Dr. Michael Ivanovitch is an independent analyst focusing on world economy, geopolitics and investment strategy. He served as a senior economist at the OECD in Paris, international economist at the Federal Reserve Bank of New York and taught economics at Columbia Business School.
Follow him on Twitter: @msiglobal9
Last week’s U.S.-China Comprehensive Economic Dialogue could mark the beginning of a more constructive trade relationship, Michael Ivanovitch writes.
The Fed is holding the economy and the financial system in a reasonably good shape in an environment of price stability, Michael Ivanovitch writes.
Japan is re-emerging as an export powerhouse, drawing large benefits from its Chinese and Korean business operations.
The G20 won't make any progress toward the problems of bloodshed, misery and insecurity around the world, Michael Ivanovitch writes.
Germany should leave big power relations alone, writes Michael Ivanovitch.
It's not a good idea to dismiss the falling bond yields in reaction to the Fed's difficult work of steering the U.S. economy in an environment of rising uncertainties, Michael Ivanovitch writes.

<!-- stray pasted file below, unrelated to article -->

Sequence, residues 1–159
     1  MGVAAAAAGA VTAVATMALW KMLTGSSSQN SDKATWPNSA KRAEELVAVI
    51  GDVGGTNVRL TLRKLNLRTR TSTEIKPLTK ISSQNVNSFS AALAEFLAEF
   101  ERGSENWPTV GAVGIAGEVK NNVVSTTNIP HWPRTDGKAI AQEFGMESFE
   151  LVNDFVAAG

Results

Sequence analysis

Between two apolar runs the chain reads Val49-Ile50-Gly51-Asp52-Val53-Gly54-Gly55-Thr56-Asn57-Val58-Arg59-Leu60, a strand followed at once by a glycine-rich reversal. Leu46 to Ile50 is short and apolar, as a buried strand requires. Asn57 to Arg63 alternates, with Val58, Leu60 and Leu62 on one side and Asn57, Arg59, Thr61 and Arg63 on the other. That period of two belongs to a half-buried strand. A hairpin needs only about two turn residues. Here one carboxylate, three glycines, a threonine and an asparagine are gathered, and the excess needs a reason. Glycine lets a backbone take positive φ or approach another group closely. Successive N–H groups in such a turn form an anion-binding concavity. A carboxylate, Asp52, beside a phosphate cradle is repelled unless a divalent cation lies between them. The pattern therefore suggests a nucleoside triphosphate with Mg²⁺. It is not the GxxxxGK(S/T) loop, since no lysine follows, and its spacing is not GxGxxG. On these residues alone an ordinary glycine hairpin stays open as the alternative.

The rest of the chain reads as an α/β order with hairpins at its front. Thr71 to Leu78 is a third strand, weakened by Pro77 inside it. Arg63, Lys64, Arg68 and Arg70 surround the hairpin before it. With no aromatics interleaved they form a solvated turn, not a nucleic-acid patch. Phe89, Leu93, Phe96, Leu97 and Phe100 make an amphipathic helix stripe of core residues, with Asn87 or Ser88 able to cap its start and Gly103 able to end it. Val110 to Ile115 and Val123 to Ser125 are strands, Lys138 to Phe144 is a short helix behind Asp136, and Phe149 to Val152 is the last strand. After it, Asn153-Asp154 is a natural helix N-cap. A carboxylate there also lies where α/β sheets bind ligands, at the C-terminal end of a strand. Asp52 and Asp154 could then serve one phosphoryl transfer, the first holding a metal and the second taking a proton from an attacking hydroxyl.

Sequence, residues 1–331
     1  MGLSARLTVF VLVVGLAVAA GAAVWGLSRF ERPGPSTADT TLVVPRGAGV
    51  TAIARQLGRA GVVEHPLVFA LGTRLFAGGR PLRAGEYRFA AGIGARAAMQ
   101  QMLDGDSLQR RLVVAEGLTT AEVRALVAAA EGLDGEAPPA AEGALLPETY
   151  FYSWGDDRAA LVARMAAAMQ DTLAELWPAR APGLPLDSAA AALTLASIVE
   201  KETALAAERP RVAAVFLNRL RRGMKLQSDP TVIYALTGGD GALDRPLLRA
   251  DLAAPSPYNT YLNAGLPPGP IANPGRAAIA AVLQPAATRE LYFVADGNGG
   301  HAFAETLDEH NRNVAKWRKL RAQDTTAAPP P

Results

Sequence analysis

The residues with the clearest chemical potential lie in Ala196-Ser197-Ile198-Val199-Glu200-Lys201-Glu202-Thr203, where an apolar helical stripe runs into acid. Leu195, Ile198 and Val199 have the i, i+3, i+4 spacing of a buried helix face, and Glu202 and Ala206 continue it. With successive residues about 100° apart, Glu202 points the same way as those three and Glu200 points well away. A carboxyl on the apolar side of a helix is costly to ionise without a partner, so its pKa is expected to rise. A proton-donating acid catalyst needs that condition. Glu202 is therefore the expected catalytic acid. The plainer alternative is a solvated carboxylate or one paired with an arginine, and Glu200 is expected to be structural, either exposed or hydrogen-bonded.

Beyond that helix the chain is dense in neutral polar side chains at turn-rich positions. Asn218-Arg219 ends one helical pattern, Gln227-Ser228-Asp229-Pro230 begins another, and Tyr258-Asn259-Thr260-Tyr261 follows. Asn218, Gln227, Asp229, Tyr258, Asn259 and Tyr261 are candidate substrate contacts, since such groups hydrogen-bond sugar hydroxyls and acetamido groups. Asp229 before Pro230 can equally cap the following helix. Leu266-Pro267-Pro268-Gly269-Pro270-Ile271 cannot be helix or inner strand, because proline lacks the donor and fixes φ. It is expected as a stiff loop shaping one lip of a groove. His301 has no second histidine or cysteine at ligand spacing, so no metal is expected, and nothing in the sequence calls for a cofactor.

Straight-jacket fiscal policies by euro zone countries leave the European Central Bank as the default policy leader, Michael Ivanovitch writes.
China's trade with Germany highlights growing clout and tension in the global trade regime, Michael Ivanovitch says.
Better to keep a sharp focus on domestic economic policies than the noise of a grand tour of capitals and a leadership meeting of the world's top economies, Michael Ivanovitch writes.
Donald Trump will find that Europe is increasingly confident on its politics and economy.